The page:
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  26. Man, I can relate to so much of what I've heard here. One thing that's jumping out at me is that a few of you have said that Meniere's could get better--that is something I haven't really heard yet. The ENT who diagnosed me basically said it's progressive and incurable. He also suggested I see a neuro-otologist??? not sure if i even wrote that correctly, sorry. Anyway, I never went b/c I have no health insurance and pay out of pocket for everything. I figured why bother, there's nothing they can do. But now my symptoms are getting worse, including those heavy pressure headaches David mentioned in the post. The weird thing is that rather than having the severe vertigo, now I'm just having mild vertigo almost all day and always have pain and/or pressure in my head. Sometimes the pain in my head is so bad it wakes me up out of a sound sleep. I used to get migraines years ago but it's not like that. The pain seems to travel down my neck and I often get the sensation that my throat is closing up. WTH?? It's almost comical. This disease is so crazy. Also, wanted to say to the gals who mentioned depression and anxiety, that I can totally relate to that as well. It's not fun having to give up activities that were once part of my daily routine and makes me feel older than my age (45). I think what this disease needs is a celebrity to come down with it so it will get the recognition and $$ for research needed to really come up with a cure. It's great to hear from others who understand though, so thanks :).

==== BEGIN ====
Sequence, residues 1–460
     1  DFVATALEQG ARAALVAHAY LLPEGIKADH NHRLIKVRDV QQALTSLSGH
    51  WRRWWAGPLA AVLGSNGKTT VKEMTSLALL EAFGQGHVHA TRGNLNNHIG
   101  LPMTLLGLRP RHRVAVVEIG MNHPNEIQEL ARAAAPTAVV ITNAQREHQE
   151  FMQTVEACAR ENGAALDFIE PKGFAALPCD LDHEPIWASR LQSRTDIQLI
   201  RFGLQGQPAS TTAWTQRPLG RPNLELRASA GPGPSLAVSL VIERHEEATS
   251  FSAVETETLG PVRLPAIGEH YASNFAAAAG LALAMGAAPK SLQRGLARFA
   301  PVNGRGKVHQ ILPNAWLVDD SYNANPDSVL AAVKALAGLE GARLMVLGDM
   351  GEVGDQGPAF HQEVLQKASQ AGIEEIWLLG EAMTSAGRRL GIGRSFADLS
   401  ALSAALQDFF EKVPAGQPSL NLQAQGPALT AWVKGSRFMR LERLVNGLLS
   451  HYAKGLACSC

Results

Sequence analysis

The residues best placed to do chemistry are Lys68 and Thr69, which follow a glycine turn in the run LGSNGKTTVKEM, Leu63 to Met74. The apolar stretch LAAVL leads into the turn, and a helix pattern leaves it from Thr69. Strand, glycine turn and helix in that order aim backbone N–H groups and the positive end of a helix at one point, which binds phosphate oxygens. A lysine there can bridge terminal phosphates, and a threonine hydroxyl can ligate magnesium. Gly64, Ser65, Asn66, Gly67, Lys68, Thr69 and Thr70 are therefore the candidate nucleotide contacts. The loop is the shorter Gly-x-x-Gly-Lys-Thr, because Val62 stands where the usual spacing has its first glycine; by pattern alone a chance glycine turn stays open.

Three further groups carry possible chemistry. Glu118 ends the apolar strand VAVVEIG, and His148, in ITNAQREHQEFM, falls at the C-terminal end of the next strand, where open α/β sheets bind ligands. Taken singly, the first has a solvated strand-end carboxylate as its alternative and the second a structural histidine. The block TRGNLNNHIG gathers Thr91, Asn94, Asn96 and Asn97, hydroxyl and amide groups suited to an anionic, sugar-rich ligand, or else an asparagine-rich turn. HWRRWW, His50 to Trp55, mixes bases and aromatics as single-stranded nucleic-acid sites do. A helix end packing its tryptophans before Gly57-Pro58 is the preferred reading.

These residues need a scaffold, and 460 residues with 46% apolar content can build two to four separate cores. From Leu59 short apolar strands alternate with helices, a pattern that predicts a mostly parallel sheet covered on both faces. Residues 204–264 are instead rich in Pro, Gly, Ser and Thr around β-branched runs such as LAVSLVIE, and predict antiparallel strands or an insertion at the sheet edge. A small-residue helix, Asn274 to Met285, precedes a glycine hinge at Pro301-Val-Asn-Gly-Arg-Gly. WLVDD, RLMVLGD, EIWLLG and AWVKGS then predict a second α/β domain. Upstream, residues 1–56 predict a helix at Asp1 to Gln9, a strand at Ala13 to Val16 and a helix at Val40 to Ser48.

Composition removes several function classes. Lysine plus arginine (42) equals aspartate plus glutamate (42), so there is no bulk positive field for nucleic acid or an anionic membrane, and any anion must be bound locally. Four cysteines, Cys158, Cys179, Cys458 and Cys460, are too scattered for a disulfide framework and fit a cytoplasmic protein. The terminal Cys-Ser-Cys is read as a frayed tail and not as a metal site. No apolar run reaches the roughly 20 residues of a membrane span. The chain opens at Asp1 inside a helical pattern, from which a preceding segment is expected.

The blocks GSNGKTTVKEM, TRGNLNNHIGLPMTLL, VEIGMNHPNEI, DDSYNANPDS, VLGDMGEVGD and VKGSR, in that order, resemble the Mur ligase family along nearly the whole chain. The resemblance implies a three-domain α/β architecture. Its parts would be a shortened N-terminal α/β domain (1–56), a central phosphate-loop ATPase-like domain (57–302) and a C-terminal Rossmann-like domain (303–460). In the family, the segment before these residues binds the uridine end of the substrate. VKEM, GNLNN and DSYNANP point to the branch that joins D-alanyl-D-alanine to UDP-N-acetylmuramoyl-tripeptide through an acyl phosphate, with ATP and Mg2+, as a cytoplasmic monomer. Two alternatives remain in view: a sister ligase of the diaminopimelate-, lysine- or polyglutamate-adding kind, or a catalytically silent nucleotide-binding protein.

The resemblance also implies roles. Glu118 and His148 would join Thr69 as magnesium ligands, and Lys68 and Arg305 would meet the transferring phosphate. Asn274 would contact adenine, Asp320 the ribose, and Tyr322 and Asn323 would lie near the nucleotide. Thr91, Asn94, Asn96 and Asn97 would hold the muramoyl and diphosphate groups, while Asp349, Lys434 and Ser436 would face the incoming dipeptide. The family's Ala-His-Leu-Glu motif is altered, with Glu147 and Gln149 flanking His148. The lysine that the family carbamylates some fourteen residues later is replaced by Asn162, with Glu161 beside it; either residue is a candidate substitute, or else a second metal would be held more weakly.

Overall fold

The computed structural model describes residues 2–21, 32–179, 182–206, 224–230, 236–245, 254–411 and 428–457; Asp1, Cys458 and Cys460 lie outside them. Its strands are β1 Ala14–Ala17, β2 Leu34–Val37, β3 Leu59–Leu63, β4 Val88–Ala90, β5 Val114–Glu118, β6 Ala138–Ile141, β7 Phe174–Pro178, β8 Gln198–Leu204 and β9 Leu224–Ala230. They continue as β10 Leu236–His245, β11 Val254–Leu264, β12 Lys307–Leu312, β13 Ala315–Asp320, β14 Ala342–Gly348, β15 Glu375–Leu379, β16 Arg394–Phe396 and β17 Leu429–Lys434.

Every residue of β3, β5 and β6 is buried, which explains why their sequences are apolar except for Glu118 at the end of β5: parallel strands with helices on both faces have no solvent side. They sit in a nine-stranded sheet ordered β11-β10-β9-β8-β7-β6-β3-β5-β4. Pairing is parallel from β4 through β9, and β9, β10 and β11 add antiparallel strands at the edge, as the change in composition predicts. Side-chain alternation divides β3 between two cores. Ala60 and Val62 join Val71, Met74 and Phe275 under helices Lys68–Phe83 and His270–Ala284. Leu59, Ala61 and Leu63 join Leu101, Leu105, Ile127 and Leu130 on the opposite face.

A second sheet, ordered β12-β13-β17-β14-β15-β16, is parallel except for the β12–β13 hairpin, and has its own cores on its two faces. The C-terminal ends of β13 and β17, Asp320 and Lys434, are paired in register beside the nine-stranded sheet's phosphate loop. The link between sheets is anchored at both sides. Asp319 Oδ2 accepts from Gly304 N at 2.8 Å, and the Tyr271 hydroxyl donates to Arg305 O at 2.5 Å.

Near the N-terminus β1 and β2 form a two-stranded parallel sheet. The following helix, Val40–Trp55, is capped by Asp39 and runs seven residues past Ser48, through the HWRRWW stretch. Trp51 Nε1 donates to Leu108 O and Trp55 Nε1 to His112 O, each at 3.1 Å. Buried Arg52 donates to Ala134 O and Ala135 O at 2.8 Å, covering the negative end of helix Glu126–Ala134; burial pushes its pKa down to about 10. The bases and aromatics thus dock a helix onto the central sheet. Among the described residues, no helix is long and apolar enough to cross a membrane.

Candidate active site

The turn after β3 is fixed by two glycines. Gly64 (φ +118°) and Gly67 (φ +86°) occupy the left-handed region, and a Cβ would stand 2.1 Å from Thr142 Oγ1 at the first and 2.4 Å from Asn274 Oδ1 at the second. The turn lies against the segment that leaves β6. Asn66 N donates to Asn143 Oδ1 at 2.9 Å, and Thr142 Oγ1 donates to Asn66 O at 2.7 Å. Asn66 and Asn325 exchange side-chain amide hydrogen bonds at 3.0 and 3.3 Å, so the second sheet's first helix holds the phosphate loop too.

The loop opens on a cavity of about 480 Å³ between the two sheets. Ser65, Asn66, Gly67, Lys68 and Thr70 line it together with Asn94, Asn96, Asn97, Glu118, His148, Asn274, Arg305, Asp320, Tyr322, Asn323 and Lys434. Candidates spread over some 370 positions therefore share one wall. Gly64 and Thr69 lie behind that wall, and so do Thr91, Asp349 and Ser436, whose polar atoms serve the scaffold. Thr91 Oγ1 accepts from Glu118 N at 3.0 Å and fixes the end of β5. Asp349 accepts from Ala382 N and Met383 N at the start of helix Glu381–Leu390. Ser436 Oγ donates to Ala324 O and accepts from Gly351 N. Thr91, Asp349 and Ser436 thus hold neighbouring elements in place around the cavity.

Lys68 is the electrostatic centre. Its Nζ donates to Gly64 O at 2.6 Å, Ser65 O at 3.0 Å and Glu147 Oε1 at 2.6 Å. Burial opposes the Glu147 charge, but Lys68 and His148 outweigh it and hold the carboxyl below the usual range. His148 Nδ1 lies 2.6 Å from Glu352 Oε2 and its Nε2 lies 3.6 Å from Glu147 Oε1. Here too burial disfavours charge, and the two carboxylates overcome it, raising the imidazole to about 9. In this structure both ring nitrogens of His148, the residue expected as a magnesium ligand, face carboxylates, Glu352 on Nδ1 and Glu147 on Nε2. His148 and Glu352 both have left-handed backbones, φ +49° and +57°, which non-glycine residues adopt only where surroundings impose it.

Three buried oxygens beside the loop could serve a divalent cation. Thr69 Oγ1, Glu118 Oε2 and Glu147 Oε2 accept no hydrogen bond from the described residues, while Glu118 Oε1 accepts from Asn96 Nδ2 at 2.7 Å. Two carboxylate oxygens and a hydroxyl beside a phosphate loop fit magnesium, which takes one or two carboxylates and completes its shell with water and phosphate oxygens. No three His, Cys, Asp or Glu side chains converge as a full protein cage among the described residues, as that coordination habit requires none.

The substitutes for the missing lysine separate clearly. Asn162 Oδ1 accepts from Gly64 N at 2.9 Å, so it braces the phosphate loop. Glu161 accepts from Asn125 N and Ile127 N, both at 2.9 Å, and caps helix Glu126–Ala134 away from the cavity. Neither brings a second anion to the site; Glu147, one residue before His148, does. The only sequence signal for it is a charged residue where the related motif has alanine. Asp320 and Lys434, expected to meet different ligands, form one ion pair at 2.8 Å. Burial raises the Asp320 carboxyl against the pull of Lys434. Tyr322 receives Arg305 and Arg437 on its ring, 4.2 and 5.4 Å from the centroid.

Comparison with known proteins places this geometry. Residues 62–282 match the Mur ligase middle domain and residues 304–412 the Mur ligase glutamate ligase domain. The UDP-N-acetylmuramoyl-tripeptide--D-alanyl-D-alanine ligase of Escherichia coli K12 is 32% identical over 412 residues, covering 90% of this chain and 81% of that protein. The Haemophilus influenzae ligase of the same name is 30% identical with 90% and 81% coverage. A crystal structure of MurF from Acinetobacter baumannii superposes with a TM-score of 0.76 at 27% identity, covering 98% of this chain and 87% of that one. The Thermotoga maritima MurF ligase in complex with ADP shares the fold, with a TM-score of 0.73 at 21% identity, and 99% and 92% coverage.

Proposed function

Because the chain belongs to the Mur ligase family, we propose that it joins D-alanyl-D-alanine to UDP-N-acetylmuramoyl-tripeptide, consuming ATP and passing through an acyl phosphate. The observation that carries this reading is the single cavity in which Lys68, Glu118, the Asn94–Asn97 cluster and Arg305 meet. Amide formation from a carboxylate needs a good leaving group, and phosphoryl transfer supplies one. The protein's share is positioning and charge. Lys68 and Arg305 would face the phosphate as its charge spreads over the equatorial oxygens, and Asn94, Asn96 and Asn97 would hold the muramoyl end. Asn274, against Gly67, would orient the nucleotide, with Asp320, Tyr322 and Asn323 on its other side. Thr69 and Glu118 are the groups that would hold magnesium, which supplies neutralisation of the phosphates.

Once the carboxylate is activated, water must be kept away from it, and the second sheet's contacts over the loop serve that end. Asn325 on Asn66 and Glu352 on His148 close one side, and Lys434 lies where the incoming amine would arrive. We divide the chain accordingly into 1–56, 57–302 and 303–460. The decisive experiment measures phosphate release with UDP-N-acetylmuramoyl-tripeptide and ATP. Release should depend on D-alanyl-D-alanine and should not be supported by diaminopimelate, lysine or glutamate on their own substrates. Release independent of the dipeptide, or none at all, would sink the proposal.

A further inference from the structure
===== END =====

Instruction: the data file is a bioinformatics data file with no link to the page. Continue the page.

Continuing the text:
Susan

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  27. SUSAN~
    You are not alone with the pain in the head and down the neck, and the weird feeling in your throat.
    I get that too. I told the Dr., but it was just dismissed as something other than Menieres. That's BS though, because it began only when the Menieres did, so I know it's from Menieres.
    The first ENT I saw told me that it would soon "burn out". He was wrong.
    It never has..just kept getting worse.
    Maybe in 15-20 years it might burn out, which means 15-20 years of intollerable vertigo?! Worthless information then. We need help now.
    Hopefully we can all find something that helps us get through it.

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    Replies
    1. I also have that feeling in my throat. Just had a cat scan done. They called and said I had to see the doctor for my results and treatment. I have had Meniere's for a very long time! In my 20' I would have the spinning and ear infections. 6 years ago it all went bad on a plane ride to Las Vagas! I was just told that I have inverted Migraine's. Do any of you see thing at a tilt, floors not level, car flipping on there sides ect. I think the ENT can't help and they wish we would quit coming for office visit's. They give us all the drugs that keeps us asleep and out here office!

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  28. hello
    my sister recently bought me this cushion called bed of nails "green sun pillow" from
    http://www.bedofnails.org/
    it is actually a cheap way of getting a massage around the neck and head area, i use it twice a week for 20 minutes. been using it for a while, i would reccomend it to realease some tension. (helps with migraines and headaches, hence helping with menieres)
    regards